Debunking Brain Myths – Crystal Tse

Image provided by NICHD under the Creative Commons “Attribution” license.

During the first lecture of introductory psychology, I usually give my students a true/false quiz containing myths about the brain (and other areas of psychology). Invariably students mark down some of these statements as true, and we spend much of the class dispelling these myths.

We use 10% of our brain

We see this myth perpetuated in the movie Lucy where the main character is able to reach her “full” potential by taking a drug that allows her to tap into the remaining 90 percent of her brain. She’s instantly smarter and even gains superpowers like telepathy. We know however, from ample research and basic knowledge about how the brain works, that this is not true.

The human brain only weighs on average 3 pounds (compare that to a sperm whale’s 17 pound brain!), but it takes up 20 percent of our body’s resources (e.g., oxygen, glucose). For such a small organ it’s pretty resource intensive, and for good reason. The brain is made up of tons of networks of neurons (the basic unit of our nervous system) constantly talking to each other, and brain imaging techniques such as fMRI scans have shown that our brains are constantly active over a 24-hour period. Your brain is working even when you’re unconscious—research shows that your memories are consolidated and transferred to long-term memory stores during sleep. Lastly, in studies of trauma to the brain, significant dysfunction can occur even when small areas of the brain are damaged, and that’s because we have evolved specific functions for particular areas of the brain and need all of them working together.

We’re left-brained or right-brained

Pop psychology would have us believe that we’re especially analytical and logical if we’re left-brained, and creative and intuitive if we’re right-brained. Research has shown some differences between the two hemispheres of the brain. For example, for many people, language processing is primarily located in the left hemisphere, and the right hemisphere excels with things such as emotion expression and spatial ability. However, these differences are not absolute; there is only a very slight bias for one hemisphere.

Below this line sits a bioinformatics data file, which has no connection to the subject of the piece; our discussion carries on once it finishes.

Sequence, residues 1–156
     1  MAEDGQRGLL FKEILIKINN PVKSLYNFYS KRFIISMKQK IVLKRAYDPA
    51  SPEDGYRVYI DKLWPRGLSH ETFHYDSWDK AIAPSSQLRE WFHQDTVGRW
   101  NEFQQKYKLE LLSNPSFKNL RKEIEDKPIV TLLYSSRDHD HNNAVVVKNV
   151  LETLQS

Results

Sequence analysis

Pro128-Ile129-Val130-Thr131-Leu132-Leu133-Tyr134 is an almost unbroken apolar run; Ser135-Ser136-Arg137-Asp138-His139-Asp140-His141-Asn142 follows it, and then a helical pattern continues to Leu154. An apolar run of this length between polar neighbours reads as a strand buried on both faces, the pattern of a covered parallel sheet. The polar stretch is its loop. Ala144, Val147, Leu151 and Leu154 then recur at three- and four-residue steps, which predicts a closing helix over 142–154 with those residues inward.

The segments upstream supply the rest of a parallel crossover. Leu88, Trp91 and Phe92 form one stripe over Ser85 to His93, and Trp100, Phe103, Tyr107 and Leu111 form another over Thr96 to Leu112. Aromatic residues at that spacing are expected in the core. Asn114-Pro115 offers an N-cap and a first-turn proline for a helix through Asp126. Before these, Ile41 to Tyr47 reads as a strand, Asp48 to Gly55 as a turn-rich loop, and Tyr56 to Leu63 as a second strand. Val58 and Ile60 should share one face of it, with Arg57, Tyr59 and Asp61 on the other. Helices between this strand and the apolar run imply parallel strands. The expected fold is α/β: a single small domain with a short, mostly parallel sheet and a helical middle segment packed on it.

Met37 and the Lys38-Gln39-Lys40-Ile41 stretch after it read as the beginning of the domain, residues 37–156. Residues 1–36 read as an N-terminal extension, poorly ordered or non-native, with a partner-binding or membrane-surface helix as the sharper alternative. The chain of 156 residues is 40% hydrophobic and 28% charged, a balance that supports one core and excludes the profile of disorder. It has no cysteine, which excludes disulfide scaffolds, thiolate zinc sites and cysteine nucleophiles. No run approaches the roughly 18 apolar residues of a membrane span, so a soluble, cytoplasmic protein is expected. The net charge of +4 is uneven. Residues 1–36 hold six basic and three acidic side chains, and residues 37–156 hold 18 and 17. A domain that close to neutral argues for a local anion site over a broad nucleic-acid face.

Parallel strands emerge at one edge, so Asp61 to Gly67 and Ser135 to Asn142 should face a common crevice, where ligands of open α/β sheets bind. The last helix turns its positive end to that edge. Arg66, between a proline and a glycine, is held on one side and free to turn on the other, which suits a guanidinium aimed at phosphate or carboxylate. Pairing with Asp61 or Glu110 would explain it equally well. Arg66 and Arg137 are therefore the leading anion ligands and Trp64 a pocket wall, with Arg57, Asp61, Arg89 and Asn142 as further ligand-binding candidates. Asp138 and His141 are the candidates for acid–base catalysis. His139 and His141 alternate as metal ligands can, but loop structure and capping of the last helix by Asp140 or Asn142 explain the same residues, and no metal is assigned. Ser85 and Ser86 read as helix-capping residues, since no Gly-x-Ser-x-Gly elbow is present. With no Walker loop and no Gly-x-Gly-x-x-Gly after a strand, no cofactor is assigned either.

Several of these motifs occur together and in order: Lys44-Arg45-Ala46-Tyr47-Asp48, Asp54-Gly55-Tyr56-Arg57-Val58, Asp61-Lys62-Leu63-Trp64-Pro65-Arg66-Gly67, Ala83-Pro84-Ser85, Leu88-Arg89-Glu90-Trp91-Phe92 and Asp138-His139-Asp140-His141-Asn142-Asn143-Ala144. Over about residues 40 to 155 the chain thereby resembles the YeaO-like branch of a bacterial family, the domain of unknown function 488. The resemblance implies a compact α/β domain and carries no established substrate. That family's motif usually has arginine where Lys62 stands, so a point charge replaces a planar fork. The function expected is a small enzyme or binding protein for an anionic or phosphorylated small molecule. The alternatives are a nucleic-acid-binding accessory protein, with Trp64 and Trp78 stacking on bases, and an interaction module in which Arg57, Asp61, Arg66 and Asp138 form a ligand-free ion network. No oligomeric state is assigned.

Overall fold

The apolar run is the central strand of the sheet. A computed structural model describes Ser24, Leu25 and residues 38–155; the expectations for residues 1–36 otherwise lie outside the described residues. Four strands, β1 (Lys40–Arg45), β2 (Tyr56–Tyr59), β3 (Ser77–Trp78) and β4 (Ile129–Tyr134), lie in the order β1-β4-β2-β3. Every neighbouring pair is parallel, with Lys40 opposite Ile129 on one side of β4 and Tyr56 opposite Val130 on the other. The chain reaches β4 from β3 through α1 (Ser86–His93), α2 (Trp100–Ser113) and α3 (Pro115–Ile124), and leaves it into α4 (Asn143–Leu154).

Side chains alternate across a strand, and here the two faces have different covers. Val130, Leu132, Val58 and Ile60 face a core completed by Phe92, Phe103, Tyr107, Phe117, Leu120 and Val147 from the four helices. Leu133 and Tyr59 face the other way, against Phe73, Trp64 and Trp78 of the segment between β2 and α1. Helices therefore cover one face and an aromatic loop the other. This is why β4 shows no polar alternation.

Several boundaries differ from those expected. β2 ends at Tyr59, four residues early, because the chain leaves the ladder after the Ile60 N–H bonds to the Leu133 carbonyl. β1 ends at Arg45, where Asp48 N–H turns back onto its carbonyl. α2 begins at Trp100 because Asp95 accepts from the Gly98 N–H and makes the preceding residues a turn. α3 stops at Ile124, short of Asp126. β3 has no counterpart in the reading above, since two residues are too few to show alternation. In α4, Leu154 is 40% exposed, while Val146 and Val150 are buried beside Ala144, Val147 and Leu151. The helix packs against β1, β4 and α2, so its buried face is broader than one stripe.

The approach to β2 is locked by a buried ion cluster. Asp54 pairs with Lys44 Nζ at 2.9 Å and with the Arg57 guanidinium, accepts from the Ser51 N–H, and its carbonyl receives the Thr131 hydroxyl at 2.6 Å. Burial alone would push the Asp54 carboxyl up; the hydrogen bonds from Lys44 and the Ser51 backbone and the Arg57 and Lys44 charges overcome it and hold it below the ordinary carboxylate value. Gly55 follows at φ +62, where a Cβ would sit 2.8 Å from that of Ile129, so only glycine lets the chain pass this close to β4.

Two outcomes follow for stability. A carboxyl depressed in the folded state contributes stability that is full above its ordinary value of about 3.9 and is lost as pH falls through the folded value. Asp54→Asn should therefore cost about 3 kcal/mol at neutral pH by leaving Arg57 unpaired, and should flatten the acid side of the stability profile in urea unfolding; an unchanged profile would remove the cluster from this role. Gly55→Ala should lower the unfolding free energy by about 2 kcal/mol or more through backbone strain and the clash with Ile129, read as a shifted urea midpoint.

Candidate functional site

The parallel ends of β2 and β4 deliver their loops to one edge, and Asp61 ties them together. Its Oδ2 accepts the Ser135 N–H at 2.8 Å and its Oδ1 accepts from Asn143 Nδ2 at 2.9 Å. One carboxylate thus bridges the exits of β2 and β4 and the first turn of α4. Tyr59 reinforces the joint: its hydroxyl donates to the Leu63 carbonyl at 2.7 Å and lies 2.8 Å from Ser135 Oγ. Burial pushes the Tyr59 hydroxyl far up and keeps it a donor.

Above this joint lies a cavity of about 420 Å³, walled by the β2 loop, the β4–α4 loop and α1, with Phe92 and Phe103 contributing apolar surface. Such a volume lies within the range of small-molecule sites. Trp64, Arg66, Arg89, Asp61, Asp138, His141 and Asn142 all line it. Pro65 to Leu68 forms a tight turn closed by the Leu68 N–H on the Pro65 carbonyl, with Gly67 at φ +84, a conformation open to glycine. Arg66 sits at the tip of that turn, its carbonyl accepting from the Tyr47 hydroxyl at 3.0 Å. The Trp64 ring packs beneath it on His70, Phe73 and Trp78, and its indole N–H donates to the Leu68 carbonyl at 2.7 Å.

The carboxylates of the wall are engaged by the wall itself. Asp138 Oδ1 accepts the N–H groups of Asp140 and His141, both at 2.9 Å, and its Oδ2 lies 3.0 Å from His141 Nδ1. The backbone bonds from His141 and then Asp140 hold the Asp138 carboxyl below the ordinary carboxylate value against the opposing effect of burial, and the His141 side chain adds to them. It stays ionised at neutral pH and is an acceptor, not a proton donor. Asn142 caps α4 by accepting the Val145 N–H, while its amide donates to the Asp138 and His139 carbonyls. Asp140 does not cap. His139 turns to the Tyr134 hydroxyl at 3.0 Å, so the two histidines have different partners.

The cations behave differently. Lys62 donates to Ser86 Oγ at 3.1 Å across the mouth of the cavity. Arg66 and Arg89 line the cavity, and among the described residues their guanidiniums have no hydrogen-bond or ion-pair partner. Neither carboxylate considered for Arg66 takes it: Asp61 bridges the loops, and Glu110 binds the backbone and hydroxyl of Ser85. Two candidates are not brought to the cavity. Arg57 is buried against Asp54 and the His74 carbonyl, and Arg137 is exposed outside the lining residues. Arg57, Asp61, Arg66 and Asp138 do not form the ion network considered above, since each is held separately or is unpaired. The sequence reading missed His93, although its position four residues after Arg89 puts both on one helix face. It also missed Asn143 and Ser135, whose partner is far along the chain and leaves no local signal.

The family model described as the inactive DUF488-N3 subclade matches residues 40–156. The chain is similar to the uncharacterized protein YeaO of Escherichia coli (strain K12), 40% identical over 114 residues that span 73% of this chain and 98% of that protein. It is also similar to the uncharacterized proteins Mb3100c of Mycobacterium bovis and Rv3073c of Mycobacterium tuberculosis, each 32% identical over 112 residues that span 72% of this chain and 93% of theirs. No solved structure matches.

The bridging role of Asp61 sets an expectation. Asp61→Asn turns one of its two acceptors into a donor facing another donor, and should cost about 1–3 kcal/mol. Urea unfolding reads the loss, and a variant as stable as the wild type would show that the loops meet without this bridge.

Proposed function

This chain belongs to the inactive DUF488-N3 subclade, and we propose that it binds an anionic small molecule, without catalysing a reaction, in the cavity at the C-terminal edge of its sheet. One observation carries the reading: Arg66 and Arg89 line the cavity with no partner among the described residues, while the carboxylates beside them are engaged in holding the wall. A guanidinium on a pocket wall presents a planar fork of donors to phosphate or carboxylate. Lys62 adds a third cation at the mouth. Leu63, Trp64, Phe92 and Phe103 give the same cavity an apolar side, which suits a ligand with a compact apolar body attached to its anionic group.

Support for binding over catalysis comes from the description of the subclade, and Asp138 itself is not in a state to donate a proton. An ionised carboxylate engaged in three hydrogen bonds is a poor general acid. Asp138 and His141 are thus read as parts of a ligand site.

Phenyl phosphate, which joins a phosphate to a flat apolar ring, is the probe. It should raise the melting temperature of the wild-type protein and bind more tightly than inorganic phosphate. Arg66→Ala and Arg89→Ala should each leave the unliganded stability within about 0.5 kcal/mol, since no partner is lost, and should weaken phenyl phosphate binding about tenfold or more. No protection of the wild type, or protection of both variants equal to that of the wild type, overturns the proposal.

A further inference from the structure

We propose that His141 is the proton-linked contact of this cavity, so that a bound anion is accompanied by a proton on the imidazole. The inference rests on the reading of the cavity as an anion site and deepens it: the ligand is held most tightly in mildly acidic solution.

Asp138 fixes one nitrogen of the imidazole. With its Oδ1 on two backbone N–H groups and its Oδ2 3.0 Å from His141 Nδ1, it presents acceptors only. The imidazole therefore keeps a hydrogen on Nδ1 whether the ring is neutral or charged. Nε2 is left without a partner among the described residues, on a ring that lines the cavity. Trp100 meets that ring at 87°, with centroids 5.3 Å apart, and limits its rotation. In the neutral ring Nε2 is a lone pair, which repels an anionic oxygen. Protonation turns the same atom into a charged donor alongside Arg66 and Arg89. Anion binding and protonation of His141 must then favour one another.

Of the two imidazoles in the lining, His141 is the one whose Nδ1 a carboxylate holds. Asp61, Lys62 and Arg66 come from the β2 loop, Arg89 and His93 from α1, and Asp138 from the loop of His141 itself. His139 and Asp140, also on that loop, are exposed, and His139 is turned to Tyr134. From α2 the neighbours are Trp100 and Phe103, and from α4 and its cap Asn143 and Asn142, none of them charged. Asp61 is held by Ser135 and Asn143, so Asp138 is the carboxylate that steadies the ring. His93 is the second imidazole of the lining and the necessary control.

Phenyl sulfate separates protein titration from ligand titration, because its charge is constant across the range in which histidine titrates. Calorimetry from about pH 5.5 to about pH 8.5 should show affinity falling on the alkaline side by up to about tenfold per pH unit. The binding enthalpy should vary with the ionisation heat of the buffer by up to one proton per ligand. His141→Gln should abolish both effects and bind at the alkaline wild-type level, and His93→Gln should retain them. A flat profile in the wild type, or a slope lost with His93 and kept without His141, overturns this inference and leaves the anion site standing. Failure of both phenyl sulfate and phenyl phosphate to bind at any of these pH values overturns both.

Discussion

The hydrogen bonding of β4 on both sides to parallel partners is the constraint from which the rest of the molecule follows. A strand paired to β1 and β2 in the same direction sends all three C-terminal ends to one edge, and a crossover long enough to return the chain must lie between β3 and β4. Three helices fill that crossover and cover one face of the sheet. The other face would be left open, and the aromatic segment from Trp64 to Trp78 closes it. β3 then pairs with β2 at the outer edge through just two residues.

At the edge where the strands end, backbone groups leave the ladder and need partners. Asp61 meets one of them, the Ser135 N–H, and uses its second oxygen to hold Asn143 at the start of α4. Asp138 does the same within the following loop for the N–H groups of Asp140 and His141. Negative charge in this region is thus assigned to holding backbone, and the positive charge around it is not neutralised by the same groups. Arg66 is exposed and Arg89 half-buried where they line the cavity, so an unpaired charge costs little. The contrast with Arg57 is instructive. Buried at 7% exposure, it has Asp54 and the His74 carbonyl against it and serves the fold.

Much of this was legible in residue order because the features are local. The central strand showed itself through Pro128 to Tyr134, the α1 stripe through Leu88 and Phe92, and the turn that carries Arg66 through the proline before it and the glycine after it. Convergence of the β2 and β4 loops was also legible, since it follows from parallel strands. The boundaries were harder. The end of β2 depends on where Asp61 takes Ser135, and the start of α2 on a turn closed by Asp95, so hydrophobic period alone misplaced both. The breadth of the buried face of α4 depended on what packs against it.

Your brain needs both hemispheres of the brain for you to function on a daily basis. For example, the brain areas responsible for information processing (four different lobes of the cerebral cortex) reside in both hemispheres of the brain. The two hemispheres of the brain also need to talk to each other, and we are impacted when that connection is lost (see case-studies of “split-brain” patients). Your daily functioning requires a coordinated effort and communication between all brain areas to give you a clear sense of the world around you.

Consider how these myths can affect your teaching and your students’ learning. As an instructor I try to convey to my students the enormous potential their brains have in working and processing information, and most importantly, how the brain is constantly changing (my favourite concept to teach is neuroplasticity). Research shows how much our brains can grow and change if we work on it like a muscle, and we’re definitely not constrained by lack of brain activity or the “types” of brains we have.

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Crystal Tse

As the Instructional Developer, Research and Consulting at the Centre for Teaching Excellence, Crystal Tse supports faculty and staff members on conducting research on teaching and learning by providing consultations, facilitating workshops on designing teaching and learning research projects, adjudicating the Learning Innovation and Teaching Enhancement Grants, and chairing University of Waterloo’s annual Teaching and Learning Conference.

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